The defect of plaintiffs' argument lies in their selective use of excerpts from the earlier Baker opinion, without reference to a discussion of the law applicable to a plaintiff's duty in these circumstances. Moreover, they fail to discuss how or in what manner the court's instructions on plaintiffs' duty to discover were erroneous. Because a jury instruction was not a verbatim quote from a portion of the earlier Baker opinion does not render it prejudicial or erroneous. In fact, the instructions given by the court here on plaintiffs' duty to discover expressed a somewhat more lenient standard from that actually required by California law.
The test is whether plaintiffs had actual or presumptive knowledge of facts sufficient to put them on inquiry. In the earlier Baker opinion we stated, in alleging lack of means of obtaining knowledge, that “(i)t must be shown that in the exercise of reasonable diligence the facts could not have been discovered at an earlier date. (2 Witkin, Cal. Procedure (2d ed. 1970) Actions, s 339, pp. 1180-1181.)” (Id. at p. 321, 114 Cal.Rptr. at p. 175.)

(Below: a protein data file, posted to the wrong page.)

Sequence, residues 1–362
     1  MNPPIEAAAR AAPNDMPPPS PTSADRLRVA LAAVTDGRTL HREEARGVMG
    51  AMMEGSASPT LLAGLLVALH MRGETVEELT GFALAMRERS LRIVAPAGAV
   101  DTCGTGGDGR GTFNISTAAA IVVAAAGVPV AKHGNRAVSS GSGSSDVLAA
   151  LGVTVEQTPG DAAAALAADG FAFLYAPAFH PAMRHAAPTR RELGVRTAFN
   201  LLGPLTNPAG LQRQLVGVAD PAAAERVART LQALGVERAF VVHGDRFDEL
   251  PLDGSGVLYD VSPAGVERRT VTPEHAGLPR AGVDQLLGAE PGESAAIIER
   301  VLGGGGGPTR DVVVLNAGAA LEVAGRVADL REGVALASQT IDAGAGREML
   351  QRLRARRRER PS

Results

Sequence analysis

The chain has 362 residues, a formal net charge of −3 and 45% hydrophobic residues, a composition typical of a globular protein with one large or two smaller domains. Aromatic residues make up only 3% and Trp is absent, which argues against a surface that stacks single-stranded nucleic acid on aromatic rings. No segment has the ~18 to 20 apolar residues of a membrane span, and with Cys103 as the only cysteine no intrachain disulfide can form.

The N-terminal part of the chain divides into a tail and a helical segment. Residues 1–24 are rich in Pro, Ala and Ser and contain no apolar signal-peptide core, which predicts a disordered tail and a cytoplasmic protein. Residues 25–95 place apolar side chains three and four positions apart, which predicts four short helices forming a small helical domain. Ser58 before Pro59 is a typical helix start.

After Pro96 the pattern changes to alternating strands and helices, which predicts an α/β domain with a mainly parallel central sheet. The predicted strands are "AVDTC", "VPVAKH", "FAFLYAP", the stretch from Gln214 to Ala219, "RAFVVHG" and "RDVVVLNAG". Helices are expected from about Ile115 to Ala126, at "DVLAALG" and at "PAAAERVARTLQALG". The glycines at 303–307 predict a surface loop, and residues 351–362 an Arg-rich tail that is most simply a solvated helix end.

That portion of Witkin cited in the earlier Baker opinion states that a plaintiff must not only prove lack of knowledge, but also “(l)ack of means of obtaining knowledge (in the exercise of reasonable diligence the facts could not have been discovered at an earlier date).” (2 Witkin, Cal. Procedure (2d ed. 1970) Actions, s 339, p. 1181.) As noted earlier in this opinion, the principle that a plaintiff must proceed with reasonable diligence was reaffirmed in Sanchez v. South Hoover Hospital, supra, 18 Cal.3d 93, 132 Cal.Rptr. 657, 553 P.2d 1129, a medical malpractice case where the plaintiff-patient alleged that the doctor failed to disclose certain information to her. In affirming an order granting defendant's summary judgment, the Supreme Court reiterated that a plaintiff must pursue an inquiry into the cause of injury with reasonable diligence, and held that the mere fact of nondisclosure by the physician would not suspend the statutory period. (Id. at p. 98, 132 Cal.Rptr. 657, 553 P.2d 1129.)